Scientists have identified why excessive fertilisation of soils is resulting in a loss of plant diversity. Extra nutrients allow fast growing plants to dominate a habitat, blocking smaller species’ access to vital sunlight, researchers have found. As a result, many species are disappearing from affected areas.
It was reported in Science that a team from the University of Zurich has warned that tighter controls were needed in order to prevent further loss to plant biodiversity. It is estimated that the global level of nitrogen and phosphorus available to plants has doubled in the past 50 years. Looking at grasslands, the researchers said it was widely recognised that an increase of chemical nutrients in an ecosystem led to a loss of diversity, but the mechanism of how it was occurring had been difficult to determine.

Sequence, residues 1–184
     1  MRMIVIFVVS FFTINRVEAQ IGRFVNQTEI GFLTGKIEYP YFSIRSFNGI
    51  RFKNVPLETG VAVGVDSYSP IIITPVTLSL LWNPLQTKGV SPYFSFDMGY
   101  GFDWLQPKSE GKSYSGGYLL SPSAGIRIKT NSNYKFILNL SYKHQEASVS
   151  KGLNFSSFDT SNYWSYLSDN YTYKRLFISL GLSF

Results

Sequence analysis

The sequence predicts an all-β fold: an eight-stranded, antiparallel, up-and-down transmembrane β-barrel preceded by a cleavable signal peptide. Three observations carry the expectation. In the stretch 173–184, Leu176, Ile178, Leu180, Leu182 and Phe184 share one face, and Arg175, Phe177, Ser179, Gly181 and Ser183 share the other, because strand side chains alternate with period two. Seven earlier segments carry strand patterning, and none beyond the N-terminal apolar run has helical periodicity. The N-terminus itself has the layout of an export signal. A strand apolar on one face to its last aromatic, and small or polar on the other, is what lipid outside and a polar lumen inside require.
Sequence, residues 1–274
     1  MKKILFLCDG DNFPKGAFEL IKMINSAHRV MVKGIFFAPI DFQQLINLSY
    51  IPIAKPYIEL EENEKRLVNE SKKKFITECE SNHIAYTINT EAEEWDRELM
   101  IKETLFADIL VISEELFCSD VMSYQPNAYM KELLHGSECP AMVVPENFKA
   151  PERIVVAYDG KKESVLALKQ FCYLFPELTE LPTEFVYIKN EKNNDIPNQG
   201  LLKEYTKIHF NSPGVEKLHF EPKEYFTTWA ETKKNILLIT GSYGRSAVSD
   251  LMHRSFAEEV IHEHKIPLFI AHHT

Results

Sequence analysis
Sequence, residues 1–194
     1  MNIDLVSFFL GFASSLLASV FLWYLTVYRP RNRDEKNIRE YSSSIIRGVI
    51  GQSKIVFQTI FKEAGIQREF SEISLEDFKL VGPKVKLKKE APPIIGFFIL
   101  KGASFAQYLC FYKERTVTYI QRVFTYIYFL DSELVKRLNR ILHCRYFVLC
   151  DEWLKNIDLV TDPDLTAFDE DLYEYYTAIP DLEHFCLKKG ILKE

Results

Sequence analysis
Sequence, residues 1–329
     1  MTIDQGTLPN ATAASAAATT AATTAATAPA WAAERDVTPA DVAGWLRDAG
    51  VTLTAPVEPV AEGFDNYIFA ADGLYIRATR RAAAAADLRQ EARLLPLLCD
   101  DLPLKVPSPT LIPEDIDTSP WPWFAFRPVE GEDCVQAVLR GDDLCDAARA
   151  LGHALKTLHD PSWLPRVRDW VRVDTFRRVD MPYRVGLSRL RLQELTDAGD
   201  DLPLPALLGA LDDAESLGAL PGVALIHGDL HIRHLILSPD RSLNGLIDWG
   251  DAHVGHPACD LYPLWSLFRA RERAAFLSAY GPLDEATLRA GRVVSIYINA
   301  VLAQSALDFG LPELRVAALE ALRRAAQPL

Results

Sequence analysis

It would be logical to think that the more nutrients there are in the soil, the more biodiversity is possible, but the research has found that the presence of such resources led to a general increase in the strength of competition among plants. This means that Light becomes the critical resource, with shorter species being shaded out by taller species, resulting in a loss in diversity.
Experiments carried out by PhD student Yann Hautier at the University of Zurich’s Institute of Environmental Sciences used boxes containing fertilised soil and grasses. Additional light was used to compensate for the increased shading caused by the taller species.The findings led the team to conclude that it was the lack of access to light that affects diversity, not an increase in the strength of competition.